This isn’t caused by design changes — Greg specifically calls out the fact that people’s main two reasons for unsubbing are a lack of friends currently playing and a lack of time to do it, which feeds into the sense that the game has changed too much/made a bad change. I find that really interesting as an idea. People who are waning in interest — either because they can’t find the time to play like they used to or because they lack the friends who made playing fun in the first place — are more likely to view design changes as bad and lose interest in the game because of them.

Do they even care why we quit?

Now, does this mean you should never unsub as a form of protest?

I’d kind of have to say that you should unsub for any reason you want to — the ones Greg lists, for example, or because you’re financially unable to keep paying, or because you really like a new game and want to play that for a while, or because you’re working on a work project and can’t commit to WoW the way you used to. But expecting the game’s design to change because of unsubbing would be unlikely, unless the loss of subs was so vast and dramatic that it couldn’t possibly be mistaken for anything else. It’s not that Blizzard doesn’t care why you’re unsubbing as much as it is unlikely that enough people unsub at any given moment for a specific reason like, “You got rid of Single-Minded Fury” or “Why can’t I get daggers on my Assassination Rogue?” 

Tell them what’s wrong

So if unsubbing doesn’t work, what does?

Turns out, it’s telling them why you want to quit in the first place.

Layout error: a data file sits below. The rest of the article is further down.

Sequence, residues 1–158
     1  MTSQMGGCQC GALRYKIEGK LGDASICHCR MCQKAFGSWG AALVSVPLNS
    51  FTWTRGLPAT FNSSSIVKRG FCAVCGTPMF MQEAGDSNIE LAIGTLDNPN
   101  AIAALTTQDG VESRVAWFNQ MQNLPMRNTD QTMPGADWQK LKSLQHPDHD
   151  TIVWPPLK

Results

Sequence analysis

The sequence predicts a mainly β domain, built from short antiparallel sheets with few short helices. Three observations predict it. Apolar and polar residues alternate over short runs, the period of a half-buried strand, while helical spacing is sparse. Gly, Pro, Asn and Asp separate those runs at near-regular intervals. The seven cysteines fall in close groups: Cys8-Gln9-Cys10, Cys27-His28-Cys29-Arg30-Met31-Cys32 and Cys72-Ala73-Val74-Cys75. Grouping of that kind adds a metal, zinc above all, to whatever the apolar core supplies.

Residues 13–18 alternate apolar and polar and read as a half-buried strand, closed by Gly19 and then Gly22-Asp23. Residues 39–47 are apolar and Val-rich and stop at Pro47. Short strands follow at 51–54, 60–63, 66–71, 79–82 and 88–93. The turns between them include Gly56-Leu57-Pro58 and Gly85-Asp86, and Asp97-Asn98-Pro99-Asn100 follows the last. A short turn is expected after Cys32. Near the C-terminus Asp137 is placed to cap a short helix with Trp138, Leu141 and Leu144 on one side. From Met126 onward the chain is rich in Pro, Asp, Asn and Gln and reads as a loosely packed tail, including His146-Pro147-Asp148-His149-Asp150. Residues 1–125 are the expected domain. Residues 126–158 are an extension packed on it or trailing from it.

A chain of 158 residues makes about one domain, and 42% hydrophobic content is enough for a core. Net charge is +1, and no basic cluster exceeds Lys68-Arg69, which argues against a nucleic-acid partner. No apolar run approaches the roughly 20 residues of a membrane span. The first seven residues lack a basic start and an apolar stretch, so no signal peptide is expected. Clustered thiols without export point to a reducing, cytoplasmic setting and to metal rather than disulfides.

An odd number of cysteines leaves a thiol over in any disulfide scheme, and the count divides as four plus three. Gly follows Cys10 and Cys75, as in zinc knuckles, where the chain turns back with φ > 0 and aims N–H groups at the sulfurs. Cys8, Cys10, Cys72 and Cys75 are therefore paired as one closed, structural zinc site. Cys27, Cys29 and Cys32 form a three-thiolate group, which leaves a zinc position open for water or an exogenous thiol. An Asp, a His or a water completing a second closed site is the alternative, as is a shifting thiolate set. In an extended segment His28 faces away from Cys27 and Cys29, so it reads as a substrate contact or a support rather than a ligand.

As an aside, the best way to drive change is still to try and clearly articulate your concerns in some public forum and hope that the developers take it seriously. I have talked to plenty of players to know how frustrating that answer might be, because at the end of the day, there just isn’t some kind of magic key that you can use to 100% guarantee that you will unlock that lock. Nevertheless, it’s still the best hope you have.

Believe me, I understand how frustrating it can be. I spent years writing Warrior columns complaining about Armor Penetration, Haste, Burst Windows for DPS, and it often felt like no one cared or was listening. Even when I would later be told directly that yes, they had read that, and even before they’d read it some people on the team were discussing said issues anyway. Blizzard does read our feedback, they do read their own forums and other sites that discuss their games. But the fact is, World of Warcraft is a huge game and there is inherently some institutional inertia for any decision made in the development process. There’s a reason they don’t just scrap Azerite Armor despite a lot of complaints about it — iteration on it, design refinements are both a lot more practical and have the best chance of meeting the needs of the majority of the players.

You simply can’t expect even a really good critique of a current system to result in its immediate abolition, even if the developers agree it’s messed up. It takes time to do anything, especially when there has to be a lot of sifting of that useful feedback to separate it from the noise on forums and sites.

Unsubbing in protest can feel really great — I know people who are still warm and fuzzy over unsubbing from Star Wars Galaxies over the New Game Enhancements — but it doesn’t really send a clear and unambiguous message to the developers like we might hope. In the end, it’s best to simply tell the developers what we don’t like, why we don’t like it, and what we’d prefer they do even if it doesn’t seem to make an immediate change.